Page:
Boatbuilding roadbumps

Discussion in 'Boat Design' started by SPI-sail, Jun 19, 2008.

  1. SPI-sail
    Joined: Jun 2008
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    Location: South Padre Island

    SPI-sail Total noob with a dream

    Im building a slightly tweaked version of Bolger's Windsprint and have so far all the necessary plywood parts cut out. Some questions...

    I have a bunch of fiberglass cloth in 3x3 foot sheets, can I just cut these into strips to substitute fiberglass tape and cover them in fiberglass resin?

    For butting the plywood, will fiberglass cloth and resin work?

    I plan on covering the bottom of the hull with fiberglass cloth and fiberglass resin, and then sanding, what kind of paint should I use?

    For the inside of the boat, can I just apply a coat of fiberglass resin on top of sanded plywood without the cloth underneath?

    Should I use fiberglass resin or marine wood glue when attaching the gunwales to the side with clamps?

    What is the difference between fiberglass resin and epoxy?

    Sorry so many questions but I have a lot of building time tomorrow and would hate to waste it.

    Edit: I just had a idea I thought I would through out there... In theory, could I build a plastic glass type window on the hull so I could see underwater?
     
    Last edited: Jun 19, 2008
  2. Knut Sand
    Joined: Apr 2003
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    Location: Kristiansand, Norway

    Knut Sand Senior Member

    I can give you some of my meanings, others will pop up....

    First; you can use (at least, to my knowlegde) Vinylester resin + glass, polyester resin + glass, epoxy resin + glass. For stronger things replace glass with carbon, boron, kevlar, whatever, but not all types of mat mixes well with all types of resin, as some are pretreated with something, beyond my knowledge.

    Fiberglass cloth you have is probably multiaxial, and i would have noe problem by stripping it up like that, but for stressed areas, I would buy woven cloth, a bit stronger.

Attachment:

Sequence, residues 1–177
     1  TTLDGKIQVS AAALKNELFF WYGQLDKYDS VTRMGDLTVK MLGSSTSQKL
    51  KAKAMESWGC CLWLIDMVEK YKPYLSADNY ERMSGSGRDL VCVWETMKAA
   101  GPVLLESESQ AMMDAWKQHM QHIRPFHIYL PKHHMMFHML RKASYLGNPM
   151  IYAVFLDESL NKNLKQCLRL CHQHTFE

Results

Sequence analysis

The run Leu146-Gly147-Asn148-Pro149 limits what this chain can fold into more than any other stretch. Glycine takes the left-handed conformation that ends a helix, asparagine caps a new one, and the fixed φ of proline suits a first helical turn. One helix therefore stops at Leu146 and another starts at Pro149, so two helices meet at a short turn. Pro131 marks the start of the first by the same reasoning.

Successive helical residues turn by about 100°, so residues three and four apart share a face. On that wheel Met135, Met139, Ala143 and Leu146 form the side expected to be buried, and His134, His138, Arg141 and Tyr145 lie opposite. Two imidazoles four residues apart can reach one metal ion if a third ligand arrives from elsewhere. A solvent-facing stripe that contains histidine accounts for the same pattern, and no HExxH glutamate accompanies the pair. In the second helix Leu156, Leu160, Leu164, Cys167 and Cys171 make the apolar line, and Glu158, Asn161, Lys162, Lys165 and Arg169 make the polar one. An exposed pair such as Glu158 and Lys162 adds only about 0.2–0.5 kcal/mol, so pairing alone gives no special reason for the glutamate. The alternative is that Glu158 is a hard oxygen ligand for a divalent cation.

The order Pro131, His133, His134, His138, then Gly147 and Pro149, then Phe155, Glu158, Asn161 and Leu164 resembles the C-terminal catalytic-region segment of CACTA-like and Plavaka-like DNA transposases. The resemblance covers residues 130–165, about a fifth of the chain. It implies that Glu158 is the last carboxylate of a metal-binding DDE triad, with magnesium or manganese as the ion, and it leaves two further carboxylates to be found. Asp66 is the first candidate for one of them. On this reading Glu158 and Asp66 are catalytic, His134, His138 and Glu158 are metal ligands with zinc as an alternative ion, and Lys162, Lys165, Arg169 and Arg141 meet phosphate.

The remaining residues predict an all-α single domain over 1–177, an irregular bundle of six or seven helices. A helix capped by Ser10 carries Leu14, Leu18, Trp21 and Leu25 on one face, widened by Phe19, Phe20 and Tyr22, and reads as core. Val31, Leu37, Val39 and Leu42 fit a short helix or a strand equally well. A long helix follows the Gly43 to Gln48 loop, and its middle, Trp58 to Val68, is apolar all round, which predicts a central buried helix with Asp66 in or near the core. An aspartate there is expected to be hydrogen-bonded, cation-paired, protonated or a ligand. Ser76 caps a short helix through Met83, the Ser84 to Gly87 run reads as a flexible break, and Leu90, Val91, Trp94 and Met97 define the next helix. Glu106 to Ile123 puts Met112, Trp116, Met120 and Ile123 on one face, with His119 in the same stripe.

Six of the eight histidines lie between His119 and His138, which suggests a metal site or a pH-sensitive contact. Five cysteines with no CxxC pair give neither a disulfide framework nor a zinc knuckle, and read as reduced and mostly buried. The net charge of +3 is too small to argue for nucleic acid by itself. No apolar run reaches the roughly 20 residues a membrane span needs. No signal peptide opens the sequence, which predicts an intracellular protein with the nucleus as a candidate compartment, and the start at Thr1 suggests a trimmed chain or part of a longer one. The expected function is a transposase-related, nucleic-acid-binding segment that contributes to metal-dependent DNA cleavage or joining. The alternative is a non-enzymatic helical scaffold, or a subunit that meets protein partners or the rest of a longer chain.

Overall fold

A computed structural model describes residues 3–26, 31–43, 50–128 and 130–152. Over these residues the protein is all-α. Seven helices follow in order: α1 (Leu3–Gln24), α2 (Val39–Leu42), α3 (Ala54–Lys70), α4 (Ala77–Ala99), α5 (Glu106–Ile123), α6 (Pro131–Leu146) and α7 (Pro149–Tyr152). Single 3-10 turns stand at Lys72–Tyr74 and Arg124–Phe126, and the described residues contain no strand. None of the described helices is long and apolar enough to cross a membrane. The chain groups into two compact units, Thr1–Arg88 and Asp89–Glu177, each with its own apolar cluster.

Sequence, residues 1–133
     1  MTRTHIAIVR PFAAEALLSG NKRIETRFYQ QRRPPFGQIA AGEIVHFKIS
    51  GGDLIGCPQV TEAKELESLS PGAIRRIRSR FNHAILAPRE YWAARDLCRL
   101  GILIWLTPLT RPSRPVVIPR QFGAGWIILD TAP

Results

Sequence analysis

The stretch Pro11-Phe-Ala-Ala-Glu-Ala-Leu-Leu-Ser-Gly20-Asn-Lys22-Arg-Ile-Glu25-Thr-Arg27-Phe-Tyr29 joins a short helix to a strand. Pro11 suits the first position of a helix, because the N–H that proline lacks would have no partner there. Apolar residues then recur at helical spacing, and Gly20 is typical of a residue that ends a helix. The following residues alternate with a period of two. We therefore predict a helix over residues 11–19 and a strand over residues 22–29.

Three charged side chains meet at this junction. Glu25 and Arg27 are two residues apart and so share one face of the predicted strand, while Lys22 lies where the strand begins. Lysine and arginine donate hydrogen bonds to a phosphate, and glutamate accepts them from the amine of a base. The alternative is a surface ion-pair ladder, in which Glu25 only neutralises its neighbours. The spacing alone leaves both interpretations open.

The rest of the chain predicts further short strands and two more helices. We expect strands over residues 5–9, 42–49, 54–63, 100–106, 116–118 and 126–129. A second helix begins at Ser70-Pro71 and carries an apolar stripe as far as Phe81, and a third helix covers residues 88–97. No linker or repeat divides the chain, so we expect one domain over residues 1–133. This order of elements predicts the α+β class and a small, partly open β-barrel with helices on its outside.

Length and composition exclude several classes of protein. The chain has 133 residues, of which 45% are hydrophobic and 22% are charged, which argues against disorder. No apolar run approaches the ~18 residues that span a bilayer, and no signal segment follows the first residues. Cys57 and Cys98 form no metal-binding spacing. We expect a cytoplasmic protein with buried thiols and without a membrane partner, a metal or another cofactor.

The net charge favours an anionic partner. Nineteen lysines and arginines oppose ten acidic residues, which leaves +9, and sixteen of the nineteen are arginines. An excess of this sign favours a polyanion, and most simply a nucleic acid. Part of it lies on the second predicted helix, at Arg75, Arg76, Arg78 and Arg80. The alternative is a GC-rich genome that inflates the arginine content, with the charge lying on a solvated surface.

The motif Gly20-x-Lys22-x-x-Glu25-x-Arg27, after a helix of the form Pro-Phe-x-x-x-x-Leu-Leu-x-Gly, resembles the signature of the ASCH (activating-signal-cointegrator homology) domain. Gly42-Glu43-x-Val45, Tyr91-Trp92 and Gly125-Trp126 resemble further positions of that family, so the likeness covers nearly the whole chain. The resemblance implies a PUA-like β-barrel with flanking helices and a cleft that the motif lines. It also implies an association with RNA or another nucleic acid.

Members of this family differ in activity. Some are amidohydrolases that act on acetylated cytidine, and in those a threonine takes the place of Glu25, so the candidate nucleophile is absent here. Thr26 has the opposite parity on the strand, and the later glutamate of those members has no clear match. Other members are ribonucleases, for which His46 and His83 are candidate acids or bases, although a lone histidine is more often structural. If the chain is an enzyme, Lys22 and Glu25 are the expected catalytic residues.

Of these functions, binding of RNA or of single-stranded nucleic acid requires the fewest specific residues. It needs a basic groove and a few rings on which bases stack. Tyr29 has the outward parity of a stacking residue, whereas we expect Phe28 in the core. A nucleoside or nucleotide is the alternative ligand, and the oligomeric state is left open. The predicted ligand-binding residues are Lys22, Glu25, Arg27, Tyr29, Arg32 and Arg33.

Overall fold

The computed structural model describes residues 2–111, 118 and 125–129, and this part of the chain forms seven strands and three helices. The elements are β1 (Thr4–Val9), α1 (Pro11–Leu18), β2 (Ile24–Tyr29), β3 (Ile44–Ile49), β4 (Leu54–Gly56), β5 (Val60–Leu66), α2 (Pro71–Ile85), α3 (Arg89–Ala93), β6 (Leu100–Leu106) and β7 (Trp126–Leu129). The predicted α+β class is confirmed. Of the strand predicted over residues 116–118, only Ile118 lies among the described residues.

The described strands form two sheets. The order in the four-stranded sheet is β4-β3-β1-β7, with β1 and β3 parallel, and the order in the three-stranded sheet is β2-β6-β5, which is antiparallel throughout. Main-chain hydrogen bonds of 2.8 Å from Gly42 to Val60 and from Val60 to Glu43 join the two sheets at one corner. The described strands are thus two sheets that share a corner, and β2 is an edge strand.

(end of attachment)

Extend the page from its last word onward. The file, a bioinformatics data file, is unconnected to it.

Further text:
for butting; normally now people tend to go for epoxy, the main reason is that epoxy normally bonds better to wood surfaces, also is it more waterproof.

    As a general rule, I've learnt: you can use epoxy on top of polyester, not the other way. You will have to get the surface rubbed up, and degreased, to make it stick.

    Epoxy is pretty waterproof, vinylester is less waterproof, and polyester is not waterproof, kepp that in mind, as Plywood can take in water, expand and make the surface crack, increasing the speed of the problem..

    "Last" coat; I would go for some epoxy, to seal the surface, that will be both the inside bottom, and the outside bottom, or the complete outside.

    Window, you dont build a window, you buy it... A plexiglass piece (or whatever) And yes; If faired into level with the bottom,, preferably rounded edges, frame made water tight, window glued in with some Sikaflex (Polurethane(?) flexible rubberlike glue. Kids will love it. Keep it away from grounding or walking area or areas with curvature of the boat... Do not take away the protective plastic on other parts than where you will have the glue during construction...

    Good luck.

    Btw; there are pleeenty information here if you lurk around..:)
     
  3. Herman
    Joined: Oct 2004
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    Location: The Netherlands

    Herman Senior Member

    Yes, you could do that. But keep some things in mind:
    -if the cloth you have is woven cloth, it will work, but it will become very loose, so handle with care.
    -if the cloth you have is CSM (random orientated fibers) then it can only be used with polyester. More on polyester later.
    -if the cloth is multiaxial (orientated fibers, laying on top of each other, held togehter with stitching) then you are OK. If possible, have the fibers orientated in +/-45 direction. Makes for a stronger bond.

    Butting plywood is never a good idea. Try and scarf the joints. A 1:8 scarf ratio is good, a 1:12 ratio is even more desireable. Scarfed joints are the best option to joint plywood panels, especially in loaded areas. In interiors, you could get away with other methods (cutting a slot in the plywood, then inserting a small piece of thin plywood in, or by using lamellos, which is basicly the same principle)

    Above water level you could use a 1 part or preferable a 2 part polyurethane paint. If you are planning on keeping it transparent, use a PU paint with a good UV filter in it.